In August 2020, the US Court of Appeals for the Second Circuit, through a 3-0 panel, invalidated the lower court’s judgement and ruled in favor of Costco. One of the judges, J. Debra Ann Livingston, stated that the jury could reasonably reach a conclusion that the use of the word “Tiffany” by Costco was merely in respect of the six-prong ring setting and was not intended to pass off their products as those of Tiffany & Co. Reliance for this decision was placed on the evidence proffered by Costco, which sufficiently supported that “Tiffany” had become a generic, broad term denoting a particular style of ring setting and that there was no likelihood of consumer confusion, since purchasers of diamond engagement rings are capable of discerning specific differences, while recognizing that Costco rings are not manufactured by Tiffany & Co. Additionally, it was also held by the Court of Appeals that there existed a factual dispute over whether the use of “Tiffany” by Costco was merely descriptive of a type of ring setting or whether the use thereof qualified as infringement of trademark: which was to be decided by a jury on its merits. In observing thus, the Court held that the District Court was ultimately responsible for making factual determinations at the stage of summary judgement only in situations where all submissions led to only one conclusion, in favor of the Defendants. Finally, it was also held by the Court that it was not within the authority of the lower court to hold Costco liable for trademark infringement at the stage of summary judgement, while also noting inappropriateness in applying counterfeit liability when the use of the registered mark was otherwise than as a trademark, and since counterfeiting is a mere aggravated form of infringement, both decisions of the lower court were dismissed on similar grounds.

Through this dismissal by the Court of Appeals, the matter was remanded to the District Court for a fresh trial, before which the parties amicably agreed to dismiss the lawsuit, through filing of a stipulation before the New York Federal Court in July, 2021.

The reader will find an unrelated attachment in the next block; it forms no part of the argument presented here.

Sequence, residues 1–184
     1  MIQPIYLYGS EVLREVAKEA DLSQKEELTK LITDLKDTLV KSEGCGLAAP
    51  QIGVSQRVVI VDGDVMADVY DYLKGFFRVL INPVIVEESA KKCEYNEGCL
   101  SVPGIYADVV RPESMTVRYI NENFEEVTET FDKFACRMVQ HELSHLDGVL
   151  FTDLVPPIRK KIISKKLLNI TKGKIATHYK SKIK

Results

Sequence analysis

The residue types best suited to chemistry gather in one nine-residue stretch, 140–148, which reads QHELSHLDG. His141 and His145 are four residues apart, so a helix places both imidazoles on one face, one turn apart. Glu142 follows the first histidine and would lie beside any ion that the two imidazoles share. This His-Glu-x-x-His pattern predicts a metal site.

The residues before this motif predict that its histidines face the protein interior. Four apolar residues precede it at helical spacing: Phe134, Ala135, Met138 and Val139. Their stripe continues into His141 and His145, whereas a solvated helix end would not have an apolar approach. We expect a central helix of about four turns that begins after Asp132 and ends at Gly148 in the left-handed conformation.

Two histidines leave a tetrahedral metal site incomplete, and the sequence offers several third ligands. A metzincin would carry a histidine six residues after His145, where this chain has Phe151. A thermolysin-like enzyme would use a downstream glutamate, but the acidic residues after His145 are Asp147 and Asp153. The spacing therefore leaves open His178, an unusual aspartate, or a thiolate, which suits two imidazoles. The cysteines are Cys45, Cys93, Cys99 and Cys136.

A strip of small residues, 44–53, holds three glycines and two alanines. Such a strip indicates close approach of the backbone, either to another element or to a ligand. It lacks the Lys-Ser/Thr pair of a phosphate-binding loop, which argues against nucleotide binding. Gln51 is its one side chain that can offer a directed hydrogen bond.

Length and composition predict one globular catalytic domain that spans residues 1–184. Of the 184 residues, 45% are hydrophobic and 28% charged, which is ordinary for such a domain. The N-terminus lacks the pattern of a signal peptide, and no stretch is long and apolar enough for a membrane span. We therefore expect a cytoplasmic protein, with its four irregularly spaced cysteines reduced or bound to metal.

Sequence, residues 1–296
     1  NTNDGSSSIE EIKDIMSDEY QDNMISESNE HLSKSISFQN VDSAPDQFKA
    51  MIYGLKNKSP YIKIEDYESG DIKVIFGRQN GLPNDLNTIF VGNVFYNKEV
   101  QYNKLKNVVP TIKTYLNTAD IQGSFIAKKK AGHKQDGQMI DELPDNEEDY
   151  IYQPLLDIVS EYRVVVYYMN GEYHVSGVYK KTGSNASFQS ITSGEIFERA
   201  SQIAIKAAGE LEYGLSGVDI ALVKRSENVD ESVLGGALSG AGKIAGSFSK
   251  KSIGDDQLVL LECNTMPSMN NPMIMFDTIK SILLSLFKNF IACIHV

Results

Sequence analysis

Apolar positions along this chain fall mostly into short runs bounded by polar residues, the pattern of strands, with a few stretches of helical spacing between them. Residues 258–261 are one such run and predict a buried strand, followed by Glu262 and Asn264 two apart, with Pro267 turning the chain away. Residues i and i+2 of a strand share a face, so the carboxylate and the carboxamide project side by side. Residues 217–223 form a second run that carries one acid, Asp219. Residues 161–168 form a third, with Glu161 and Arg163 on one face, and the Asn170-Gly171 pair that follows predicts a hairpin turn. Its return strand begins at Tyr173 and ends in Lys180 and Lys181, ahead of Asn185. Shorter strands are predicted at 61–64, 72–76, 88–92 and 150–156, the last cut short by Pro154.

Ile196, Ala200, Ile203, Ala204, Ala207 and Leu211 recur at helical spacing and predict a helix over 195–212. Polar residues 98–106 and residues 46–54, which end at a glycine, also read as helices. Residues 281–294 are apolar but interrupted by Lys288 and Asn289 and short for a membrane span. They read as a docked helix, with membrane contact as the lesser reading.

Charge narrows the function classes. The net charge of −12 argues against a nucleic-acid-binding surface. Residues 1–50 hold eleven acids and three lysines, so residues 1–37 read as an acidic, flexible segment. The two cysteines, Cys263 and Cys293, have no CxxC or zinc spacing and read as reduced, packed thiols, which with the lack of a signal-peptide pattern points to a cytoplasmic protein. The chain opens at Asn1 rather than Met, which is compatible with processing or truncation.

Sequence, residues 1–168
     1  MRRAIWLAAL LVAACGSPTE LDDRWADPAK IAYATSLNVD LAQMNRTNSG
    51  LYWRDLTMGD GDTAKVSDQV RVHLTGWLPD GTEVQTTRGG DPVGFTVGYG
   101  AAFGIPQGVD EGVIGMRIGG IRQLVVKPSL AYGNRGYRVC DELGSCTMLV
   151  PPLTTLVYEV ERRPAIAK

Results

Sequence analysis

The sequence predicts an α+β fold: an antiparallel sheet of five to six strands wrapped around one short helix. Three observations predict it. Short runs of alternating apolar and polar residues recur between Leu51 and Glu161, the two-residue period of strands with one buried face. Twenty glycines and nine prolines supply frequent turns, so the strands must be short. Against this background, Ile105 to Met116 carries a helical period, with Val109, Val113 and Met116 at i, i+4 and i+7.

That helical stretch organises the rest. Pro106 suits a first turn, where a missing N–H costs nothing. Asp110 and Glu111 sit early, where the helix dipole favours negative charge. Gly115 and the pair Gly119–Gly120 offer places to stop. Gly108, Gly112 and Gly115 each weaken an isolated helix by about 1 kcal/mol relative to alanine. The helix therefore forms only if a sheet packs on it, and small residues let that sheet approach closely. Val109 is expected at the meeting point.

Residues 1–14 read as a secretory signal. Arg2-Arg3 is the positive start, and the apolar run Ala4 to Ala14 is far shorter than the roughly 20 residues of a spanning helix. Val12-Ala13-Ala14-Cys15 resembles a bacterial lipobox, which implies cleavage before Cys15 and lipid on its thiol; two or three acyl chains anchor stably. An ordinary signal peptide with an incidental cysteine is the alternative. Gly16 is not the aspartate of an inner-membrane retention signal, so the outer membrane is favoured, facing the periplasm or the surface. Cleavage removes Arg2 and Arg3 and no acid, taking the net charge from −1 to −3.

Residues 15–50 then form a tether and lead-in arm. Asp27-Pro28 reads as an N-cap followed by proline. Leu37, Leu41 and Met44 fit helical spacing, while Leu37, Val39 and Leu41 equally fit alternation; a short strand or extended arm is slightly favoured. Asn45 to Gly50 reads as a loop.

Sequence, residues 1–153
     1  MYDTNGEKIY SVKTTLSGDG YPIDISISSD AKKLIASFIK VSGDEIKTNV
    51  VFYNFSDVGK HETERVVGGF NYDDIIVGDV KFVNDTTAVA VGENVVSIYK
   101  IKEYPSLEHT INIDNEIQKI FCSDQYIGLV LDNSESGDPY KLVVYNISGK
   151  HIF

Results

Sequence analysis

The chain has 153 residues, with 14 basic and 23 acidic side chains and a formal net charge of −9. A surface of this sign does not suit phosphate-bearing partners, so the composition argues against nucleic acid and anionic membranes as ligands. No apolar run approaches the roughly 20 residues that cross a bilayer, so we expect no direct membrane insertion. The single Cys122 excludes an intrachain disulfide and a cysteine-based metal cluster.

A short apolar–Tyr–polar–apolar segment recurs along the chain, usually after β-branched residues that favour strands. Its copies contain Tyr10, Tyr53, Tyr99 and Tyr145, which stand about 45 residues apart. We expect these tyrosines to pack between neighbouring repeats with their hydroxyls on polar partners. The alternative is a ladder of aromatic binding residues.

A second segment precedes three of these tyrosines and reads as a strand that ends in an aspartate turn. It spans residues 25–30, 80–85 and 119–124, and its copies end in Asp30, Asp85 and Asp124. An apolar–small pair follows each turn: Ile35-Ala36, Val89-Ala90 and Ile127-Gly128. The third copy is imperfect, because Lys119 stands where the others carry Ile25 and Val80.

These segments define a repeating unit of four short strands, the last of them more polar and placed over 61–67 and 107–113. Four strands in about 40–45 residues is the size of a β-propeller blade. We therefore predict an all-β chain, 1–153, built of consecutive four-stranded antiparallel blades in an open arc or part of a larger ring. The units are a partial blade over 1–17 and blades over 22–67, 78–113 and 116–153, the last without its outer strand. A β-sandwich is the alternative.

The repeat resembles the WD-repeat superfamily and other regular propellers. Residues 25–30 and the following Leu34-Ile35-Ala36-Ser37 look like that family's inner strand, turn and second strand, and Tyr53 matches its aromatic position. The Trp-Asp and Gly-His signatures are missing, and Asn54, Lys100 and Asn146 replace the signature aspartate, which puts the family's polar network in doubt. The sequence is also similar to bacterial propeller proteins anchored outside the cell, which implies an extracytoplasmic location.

The present case has played an important role in establishing precedence with respect to usage of a valid and subsisting word mark, in a descriptive sense, having acquired generality through extensive usage within a particular industry. The Court, in identifying the dual use of a term, both as a trademark and as a descriptive term within the same industry, has paved the way for many such possible disputes hereinafter, challenging the protectability of descriptive terms. As a thumb rule of trademark law, it is quite clear that descriptive terms are not granted trademark registrations, unless they acquire a secondary meaning. However, in the present instance, the word “Tiffany” is not only a validly registered mark, but has also acquired a generic connotation (with respect to ring setting styles) within the jewellery industry. Additionally, the Court’s decision has also played an important role in bringing to the forefront the relationship between counterfeit claims and descriptive use defense, wherein when a registered mark is used in descriptive sense, the liability of counterfeit cannot be invited. The Court has also specified the thin line of difference which exists between using a mark in good faith or bad faith, while stating that when an unprotected mark is used, it is not always conclusive of bad faith, throwing caution to the litigants assuming so. The Court elaborated on the possibility of using such terminology as mere indications of the nature an/or quality of the products and not being representative of possible mala fide intention to establish infringement.

Indian Position

In India, Section 30(2) of the Trade Marks Act, 1999[3] , mentions the fair use provisions, wherein this specific situation might be covered. Descriptive fair use is a valid defense against trademark infringement, even of a registered mark. This has also been repeatedly established through multiple judicial interpretations over the years, through cases like Marico Limited v. Agro Tech Foods Limited, 2010 (44) PTC 736, wherein it had been held that the term “Low Absorb” had not been sought to be used as a mark, but rather in a descriptive sense, which is permissible even under the legislation, specifically under Section 30(2)(a). A similar decision was given in Cadila Healthcare Ltd. v. Gujarat Cooperative Milk Marketing Federation Ltd. & Ors, 2009 (41) PTC 336, with respect to the term “Sugar Free”. In both cases, the principle of descriptive fair use, relied upon heavily in the present matter, remained the same.


Therefore, the case remains a landmark precedent for times to come, for understanding the difference between use of a word mark in its true sense, or descriptive sense, with bona fide intention.

[1] Tiffany & Co. v. Costco Wholesale Corp., 1:13-cv-01041(SDNY)
[2]Accessible at
[3]Accessible at